Watching Wembley from Afar

The greater part of my family travelled to Wembley Stadium today, and witnessed England win the European cup. While the game was going on I checked in on the score from time to time, and convinced myself that my life-long hoodoo about causing anything I root for to lose was still in effect.

I saw perhaps a third of the game in total, and cannot imagine the stress my other half and younger children were going through, among the nearly ninety thousand fans packing the stadium.

Ever since the final whistle, all manner of thoughts have been trying to organise themselves in my head. The commentary team on the BBC did a wonderful job in expressing many of them – touching on the generations of corruption, bias, sexism, and misogyny that have dissuaded generations of girls from playing at all.

Those of you living outside the UK might look at football as our “national sport”, and imagine a well oiled machine that operates from youth level all the way through to the professional and national teams.

The truth is somewhat depressing and more complicated than most imagine.

Most towns have any number of youth football teams. They are rarely connected at all with the larger teams in the area, and very rarely allowed to use any of their facilities or resources. Even when local clubs do integrate, the subscription fees gathered from the youth level rarely percolate back into anything for them.

When you then add in the prospect of a female team, the obstacles and hurdles grow taller still. All three of our daughters played for town teams at one time or another during their youth. I lost count of the weekends we spent trying to find a “last resort” football ground in the middle of nowhere because it was the only place the girls team could find to be allowed to play a game. I remember one CUP FINAL game in particular where the grass had not been cut for some time, and the ground beneath it more closely resembled a ploughed field than a football pitch.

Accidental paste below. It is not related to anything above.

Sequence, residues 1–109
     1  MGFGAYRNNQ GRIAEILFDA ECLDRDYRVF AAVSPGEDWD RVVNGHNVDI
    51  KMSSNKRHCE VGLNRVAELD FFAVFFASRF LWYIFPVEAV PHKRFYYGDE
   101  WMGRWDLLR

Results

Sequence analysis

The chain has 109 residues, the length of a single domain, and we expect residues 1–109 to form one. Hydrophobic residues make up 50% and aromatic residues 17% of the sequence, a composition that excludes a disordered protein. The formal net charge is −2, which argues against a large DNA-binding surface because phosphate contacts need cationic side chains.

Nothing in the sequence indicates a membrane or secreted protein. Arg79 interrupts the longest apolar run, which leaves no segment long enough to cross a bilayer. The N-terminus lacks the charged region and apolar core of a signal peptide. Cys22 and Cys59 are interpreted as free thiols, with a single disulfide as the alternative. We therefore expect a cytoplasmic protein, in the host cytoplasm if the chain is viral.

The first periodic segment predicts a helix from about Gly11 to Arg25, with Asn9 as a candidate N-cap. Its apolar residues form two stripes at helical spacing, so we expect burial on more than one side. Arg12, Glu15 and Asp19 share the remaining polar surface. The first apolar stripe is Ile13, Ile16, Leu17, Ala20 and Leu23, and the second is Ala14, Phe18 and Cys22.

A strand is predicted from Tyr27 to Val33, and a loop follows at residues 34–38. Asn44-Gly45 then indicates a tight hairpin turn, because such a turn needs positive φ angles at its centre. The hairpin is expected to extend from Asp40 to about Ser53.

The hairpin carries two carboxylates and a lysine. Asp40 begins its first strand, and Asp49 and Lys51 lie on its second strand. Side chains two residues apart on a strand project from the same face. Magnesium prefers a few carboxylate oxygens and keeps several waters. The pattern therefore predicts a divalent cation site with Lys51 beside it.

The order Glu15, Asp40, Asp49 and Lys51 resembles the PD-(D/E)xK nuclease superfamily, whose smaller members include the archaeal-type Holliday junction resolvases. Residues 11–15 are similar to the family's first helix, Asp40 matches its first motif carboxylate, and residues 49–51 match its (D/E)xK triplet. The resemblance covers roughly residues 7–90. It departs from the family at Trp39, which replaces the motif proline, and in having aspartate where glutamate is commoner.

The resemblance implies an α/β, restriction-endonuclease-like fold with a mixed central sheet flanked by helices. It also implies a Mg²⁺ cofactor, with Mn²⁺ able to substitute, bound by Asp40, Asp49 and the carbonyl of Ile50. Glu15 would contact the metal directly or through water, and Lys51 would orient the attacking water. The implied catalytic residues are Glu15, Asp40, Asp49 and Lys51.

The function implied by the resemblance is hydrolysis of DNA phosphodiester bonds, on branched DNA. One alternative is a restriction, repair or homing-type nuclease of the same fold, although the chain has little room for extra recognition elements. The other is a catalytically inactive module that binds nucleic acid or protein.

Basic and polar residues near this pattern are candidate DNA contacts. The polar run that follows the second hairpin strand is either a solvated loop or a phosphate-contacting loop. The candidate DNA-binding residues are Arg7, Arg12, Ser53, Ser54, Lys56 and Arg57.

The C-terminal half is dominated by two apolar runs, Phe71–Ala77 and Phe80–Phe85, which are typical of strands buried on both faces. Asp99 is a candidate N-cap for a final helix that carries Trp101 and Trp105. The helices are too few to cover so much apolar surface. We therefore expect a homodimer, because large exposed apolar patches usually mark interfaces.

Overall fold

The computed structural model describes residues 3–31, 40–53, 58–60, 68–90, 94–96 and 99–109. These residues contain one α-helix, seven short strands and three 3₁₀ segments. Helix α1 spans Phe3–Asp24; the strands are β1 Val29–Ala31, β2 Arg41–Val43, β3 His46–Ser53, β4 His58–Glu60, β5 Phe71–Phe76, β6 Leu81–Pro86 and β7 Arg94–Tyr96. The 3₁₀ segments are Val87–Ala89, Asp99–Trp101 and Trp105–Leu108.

In the middle of all of this, the miraculous thing is that you still find parents and coaches that fight to provide their children with a team to play with, and consistently go the extra mile – sourcing sponsorship, kit, footballs, goals, and so on.

And then of course you look at the men’s game, and the “elite” level – where talented teenagers are pulled from school, have more money invested in them than they can possibly imagine, and who then attract the romantic pursuit off attention seeking social media influencers who aim above all else to become famous for being famous.

On top of all that nonsense you find professional players not wanting to play for the national team because they won’t earn as much as they might playing for their clubs.

You can’t make it up.

One of the commentary team this evening said something interesting – that the England women’s football team won the European Championships not because of the system, but in spite of the system. I couldn’t agree more.

2 replies on “Watching Wembley from Afar”

Having watched the game–and the close to 90,000 in attendance including some of your family, I was amazed at the current support. But it made me wonder what the cost was for those women to even be present and playing for England. Germany was like a well-oiled machine. England was scrappy. But perseverance paid off. It was genuinely great to see the underdog win.

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I said the same thing. The England team have not come from a “system” – they have come from little kids playing in the park – and even from that small pool, they have turned out some outstanding “talent” players – that can make the difference. Germany had lots of good players, but few talent players. Unfortunately their good players have also been schooled in professional fouls – if there’s one thing that needs to be removed from the game, it’s that. Finally (sorry), the HUGE step forward in the tournament was making any dissent to the referee a card offence. Why that didn’t happen thirty years ago in the mens game (and probably still won’t happen), I’ll never know.

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